Are you dreaming of traveling this summer, after a year of pandemic living? Me too. But like most things these days, it’s complicated. As the traditional summer-travel season looms before us, health and safety factors have become a critical part of trip planning, including road trips. Throughout the pandemic, businesses along North America’s highways and interstates have had to innovate the customer experiences they deliver, and communicate that they are safe and pleasant places to take a break and fuel up, whether it’s for food, gas or both. Even before the pandemic began, women were a driving force in the health and wellness revolution of consumer goods and retail. They are also often the decision-makers and influencers – or veto votes – in determining where families stop for breaks on road trips. How have roadside businesses prepared for the upcoming travel season, while we are still in the thick of a pandemic?
To find out, I sat down (virtually) with Whitney Haslam Johnson, chief experience officer for Pilot Flying J, the largest operator of travel centers in North America, with more than 750 locations in 44 states and six Canadian provinces. The company serves about 1.6 million customers a day, with a retail staff of 28,000. In 2016, Pilot Flying J began a five-year, customer experience make-over to broaden the appeal of its travel centers – also known as truck stops – for both professional truck drivers and “four wheelers,” industry lingo for car drivers. The make-over was documented in my book on transforming customer experiences for women consumers. Then came COVID-19, and the company took the program to a new level.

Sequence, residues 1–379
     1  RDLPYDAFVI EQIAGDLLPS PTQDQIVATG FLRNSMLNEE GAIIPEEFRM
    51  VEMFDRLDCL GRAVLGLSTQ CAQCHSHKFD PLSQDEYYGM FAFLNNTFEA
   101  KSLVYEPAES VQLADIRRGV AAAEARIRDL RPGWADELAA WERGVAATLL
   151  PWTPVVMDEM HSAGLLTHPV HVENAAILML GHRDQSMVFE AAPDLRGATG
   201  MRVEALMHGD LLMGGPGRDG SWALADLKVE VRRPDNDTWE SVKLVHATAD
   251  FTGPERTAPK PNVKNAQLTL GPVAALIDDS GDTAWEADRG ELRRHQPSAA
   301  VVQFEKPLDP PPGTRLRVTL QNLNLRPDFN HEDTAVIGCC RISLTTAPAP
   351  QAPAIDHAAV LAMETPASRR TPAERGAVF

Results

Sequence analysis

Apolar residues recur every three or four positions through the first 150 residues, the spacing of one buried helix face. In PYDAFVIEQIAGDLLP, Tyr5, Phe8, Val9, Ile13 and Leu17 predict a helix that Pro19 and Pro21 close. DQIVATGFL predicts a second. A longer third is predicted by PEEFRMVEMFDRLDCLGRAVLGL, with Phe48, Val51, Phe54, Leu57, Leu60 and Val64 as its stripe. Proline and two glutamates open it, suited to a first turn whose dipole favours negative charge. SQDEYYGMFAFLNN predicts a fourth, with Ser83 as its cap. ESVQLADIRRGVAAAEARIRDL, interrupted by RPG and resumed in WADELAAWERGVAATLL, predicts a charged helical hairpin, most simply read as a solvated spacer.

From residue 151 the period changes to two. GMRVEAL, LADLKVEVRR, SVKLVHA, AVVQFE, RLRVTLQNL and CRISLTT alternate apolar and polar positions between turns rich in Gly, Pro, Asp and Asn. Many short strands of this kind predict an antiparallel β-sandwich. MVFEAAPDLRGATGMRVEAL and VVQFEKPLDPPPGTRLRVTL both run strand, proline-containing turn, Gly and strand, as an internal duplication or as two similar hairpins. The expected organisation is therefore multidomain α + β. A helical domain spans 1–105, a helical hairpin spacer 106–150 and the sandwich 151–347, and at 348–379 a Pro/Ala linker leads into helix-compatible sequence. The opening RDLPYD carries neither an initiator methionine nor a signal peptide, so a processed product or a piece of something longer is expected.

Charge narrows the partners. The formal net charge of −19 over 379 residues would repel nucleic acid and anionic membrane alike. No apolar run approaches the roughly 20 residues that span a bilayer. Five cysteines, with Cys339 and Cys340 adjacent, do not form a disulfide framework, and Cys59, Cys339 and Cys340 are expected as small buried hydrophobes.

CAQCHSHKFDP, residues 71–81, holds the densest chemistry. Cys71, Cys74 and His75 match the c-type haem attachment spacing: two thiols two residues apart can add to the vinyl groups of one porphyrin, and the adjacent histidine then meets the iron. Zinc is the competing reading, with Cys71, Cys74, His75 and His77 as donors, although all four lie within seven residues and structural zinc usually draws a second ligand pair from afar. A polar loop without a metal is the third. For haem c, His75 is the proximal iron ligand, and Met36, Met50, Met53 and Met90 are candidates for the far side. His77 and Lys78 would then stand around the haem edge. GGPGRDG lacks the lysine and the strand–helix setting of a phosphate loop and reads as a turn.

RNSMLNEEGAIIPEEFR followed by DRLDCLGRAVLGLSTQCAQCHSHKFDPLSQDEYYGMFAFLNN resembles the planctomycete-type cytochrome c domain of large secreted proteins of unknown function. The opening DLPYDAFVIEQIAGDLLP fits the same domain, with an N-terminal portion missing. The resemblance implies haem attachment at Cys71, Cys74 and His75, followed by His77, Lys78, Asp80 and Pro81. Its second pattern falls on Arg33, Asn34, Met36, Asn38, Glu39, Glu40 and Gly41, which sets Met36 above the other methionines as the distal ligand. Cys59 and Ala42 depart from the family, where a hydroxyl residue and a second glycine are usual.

“We’re excited for people to get back on the road and be able to come into our stores and feel safe and healthy and be able to find what they need on their road trips this summer,” says Haslam Johnson. Exceptional customer service is where the rubber meets the road when it comes to earning the business of women. What kind of customer-experience is Pilot Flying J striving to deliver? Haslam Johnson describes it in four words: safe, fast, friendly and clean. “Obviously, those words have meant more in the past year than they ever have,” she says. “What’s evolved is that we now think about the customer experience in a more 360-degree approach. We’re considering every touchpoint we have, from social media to mobile app to our in-store employees.”